How To Find New Homes for Your Stuff: A Resource List

Last week I wrote to you about the power of putting gratitude into action. Of acting in service of others. Of passing on things you no longer love, need, or use. Of performing Random Acts of Kindness   as a way of being part of the solution.

I know one of the barriers to letting stuff go is not knowing what to do with the items once you’ve decided to send them on their way, so this week I’ve created a resource list to help you clear some common challenging items.

1. Computers
If you’ve recently (or not so recently!) upgraded your desktop or laptop computer, your old machine may be sitting there like an anvil taking up precious real estate both in your home and in your head.You might be hesitant to get rid of it for fear that it still contains sensitive information. Once you’ve backed up your files or transferred them to your new computer, you can relatively easily wipe your hard drive clean. To erase your Macintosh hard drive, follow these steps. For Windows, click here. If any of the steps confuse you, find the closest teenager to help you out!

Once the computer is ready to go, it can be dropped off at stores like Best Buy and Staples for proper recycling. To find a reputable recycler near you, visit

If the computer is still in working order, consider contacting a local girls and boys club, library, or school to see if it’s needed.

If you’d like to try and get some cash for your computer, you can sell it on eBayCraig’s List, Facebook Marketplace, and a whole slew of other places.

With computers and other electronic devices, you can also take advantage of trade-in programs including Amazon, Best Buy, and Target.

2. Cell phones
There are more than seven billion cell phones in the world currently and with the seductive advertising of new models all the time, you might have an old phone or two hanging around.Cell phones are easy to sell these days with online places such as Gazelle and Decluttr. You might also find an ecoATM at a nearby mall or Walmart.

If donating is more your thing, there are several organizations that put old cell phones to good use. Cell Phones for Soldiers takes all makes and models, in any condition, and uses the proceeds from recycled phones to buy minutes for soldiers to call home and to help veterans transition to civilian life.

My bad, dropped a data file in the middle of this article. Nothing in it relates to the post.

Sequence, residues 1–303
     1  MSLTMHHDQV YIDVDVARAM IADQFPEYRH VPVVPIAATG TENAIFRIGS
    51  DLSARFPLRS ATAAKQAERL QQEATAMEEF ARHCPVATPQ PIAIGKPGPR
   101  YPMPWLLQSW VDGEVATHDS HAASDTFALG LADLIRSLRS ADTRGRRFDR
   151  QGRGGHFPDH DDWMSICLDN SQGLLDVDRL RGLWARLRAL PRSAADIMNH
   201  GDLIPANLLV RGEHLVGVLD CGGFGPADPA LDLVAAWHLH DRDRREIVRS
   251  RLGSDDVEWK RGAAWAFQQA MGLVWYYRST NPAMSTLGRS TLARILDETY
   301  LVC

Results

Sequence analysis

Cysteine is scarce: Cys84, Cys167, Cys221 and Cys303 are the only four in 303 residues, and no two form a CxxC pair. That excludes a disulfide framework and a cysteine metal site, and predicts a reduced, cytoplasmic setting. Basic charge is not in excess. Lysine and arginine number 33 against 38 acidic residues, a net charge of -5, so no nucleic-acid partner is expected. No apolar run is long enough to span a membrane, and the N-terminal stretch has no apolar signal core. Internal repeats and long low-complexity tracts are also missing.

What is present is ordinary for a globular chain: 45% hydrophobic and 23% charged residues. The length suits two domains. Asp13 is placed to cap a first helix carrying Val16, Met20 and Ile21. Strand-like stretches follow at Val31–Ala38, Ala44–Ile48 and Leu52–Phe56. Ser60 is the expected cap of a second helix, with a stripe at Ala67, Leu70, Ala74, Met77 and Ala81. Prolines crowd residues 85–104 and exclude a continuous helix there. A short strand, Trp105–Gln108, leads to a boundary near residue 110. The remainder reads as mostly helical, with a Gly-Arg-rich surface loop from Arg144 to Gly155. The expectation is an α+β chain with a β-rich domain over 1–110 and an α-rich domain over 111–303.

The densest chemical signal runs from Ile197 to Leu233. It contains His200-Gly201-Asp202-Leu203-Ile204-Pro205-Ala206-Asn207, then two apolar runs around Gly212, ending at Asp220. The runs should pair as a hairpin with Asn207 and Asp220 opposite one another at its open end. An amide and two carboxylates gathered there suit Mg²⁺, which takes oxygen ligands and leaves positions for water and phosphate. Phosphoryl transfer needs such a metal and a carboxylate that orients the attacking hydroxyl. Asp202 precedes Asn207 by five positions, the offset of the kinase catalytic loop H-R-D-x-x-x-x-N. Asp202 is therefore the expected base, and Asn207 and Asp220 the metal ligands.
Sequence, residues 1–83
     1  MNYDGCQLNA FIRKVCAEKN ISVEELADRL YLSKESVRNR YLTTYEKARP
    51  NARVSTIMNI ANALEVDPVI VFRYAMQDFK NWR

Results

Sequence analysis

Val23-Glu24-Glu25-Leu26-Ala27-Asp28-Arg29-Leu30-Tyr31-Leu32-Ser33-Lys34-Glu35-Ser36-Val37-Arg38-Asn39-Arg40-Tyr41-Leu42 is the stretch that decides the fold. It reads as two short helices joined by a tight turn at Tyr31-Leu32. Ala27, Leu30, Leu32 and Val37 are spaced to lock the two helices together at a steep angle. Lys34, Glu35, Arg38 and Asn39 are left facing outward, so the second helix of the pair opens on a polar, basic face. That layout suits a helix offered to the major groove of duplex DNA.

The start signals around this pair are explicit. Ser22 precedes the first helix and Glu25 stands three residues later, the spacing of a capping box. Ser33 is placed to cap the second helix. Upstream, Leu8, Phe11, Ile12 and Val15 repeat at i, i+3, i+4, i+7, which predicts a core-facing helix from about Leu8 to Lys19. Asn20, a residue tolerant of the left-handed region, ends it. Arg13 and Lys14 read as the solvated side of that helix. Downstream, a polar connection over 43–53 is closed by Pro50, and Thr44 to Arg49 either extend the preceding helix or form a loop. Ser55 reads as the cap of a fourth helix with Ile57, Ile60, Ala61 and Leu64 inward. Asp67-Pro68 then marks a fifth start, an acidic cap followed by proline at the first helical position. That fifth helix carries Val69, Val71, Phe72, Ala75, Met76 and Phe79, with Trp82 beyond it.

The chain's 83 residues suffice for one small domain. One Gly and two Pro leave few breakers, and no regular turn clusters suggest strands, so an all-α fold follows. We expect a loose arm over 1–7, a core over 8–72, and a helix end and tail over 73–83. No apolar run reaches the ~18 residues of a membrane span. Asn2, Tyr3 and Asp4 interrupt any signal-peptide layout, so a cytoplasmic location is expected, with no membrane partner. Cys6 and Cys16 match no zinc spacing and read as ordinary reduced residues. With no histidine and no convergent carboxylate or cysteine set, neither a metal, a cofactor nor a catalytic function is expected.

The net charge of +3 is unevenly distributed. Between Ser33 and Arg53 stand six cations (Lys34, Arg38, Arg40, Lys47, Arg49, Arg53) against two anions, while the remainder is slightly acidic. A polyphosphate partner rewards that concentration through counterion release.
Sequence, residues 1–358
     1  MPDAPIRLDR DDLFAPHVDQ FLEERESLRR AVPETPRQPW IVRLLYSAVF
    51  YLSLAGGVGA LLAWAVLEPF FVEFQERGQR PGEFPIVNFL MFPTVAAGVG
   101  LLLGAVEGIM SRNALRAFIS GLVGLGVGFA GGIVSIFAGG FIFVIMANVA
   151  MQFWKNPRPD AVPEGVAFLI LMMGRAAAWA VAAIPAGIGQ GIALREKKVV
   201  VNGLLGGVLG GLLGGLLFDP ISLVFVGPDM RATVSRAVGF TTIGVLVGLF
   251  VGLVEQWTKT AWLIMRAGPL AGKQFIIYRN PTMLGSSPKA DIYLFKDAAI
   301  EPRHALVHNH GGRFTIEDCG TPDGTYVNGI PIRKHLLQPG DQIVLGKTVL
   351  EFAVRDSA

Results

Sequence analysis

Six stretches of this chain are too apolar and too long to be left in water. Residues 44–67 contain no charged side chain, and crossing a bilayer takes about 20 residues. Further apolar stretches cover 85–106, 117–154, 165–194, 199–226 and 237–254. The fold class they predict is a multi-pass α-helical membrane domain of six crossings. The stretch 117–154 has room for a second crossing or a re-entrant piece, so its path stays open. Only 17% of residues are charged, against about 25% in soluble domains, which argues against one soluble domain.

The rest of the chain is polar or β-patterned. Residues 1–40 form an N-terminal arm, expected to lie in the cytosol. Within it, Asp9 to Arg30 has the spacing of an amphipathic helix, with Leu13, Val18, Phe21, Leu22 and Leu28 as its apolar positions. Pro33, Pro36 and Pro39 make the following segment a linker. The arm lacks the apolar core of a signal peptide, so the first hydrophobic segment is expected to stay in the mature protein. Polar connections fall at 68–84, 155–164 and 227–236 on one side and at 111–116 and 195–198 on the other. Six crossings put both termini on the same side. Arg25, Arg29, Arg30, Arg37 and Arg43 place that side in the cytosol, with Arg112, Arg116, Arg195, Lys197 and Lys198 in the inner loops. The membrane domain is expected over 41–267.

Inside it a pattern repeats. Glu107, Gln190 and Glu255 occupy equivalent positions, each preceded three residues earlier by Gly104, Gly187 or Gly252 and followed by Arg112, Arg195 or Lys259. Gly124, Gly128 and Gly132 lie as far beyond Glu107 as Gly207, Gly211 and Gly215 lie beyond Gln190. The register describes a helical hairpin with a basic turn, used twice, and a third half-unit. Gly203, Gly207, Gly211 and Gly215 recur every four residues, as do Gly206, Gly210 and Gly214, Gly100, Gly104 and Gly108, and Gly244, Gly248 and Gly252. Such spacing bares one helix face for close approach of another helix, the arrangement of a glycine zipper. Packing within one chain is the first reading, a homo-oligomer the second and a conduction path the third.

Another great organization is Secure the Call. A non-profit organization that aims to keep cell phones out of landfills and instead turns them into life-saving devices. Secure the Call will ensure that your cell phone is clean of any sensitive information and set it up for emergency calling only. These 911 phones are then given to those who can’t afford one so they have the means to call for help if needed.

3. Linens (sheets, towels, bedding)
Your local animal shelter is almost always in need of towels and blankets and is most appreciative of your donation. To find one near you, click here.

4. Eyeglasses
There are millions of people in the world who live with “functional blindness,” that could be remediated with a pair of glasses. However, in low-income communities or developing countries, the cost is prohibitive. Fortunately, there are ways to get your old glasses to them! For more information, click here.

5. CDs, DVDs, and VHS tapes
A few years back, I was ready to get rid of all the CDs we had in our music collection. I rarely, if ever, pulled one off the shelf to listen to, instead opting to stream music on my computer. My plan was to sell them at a used music store or online without even looking at them, but Melissa had other plans. She wanted to go through them and import any songs she/we wanted to keep. (Yup, that’s her in the picture above!)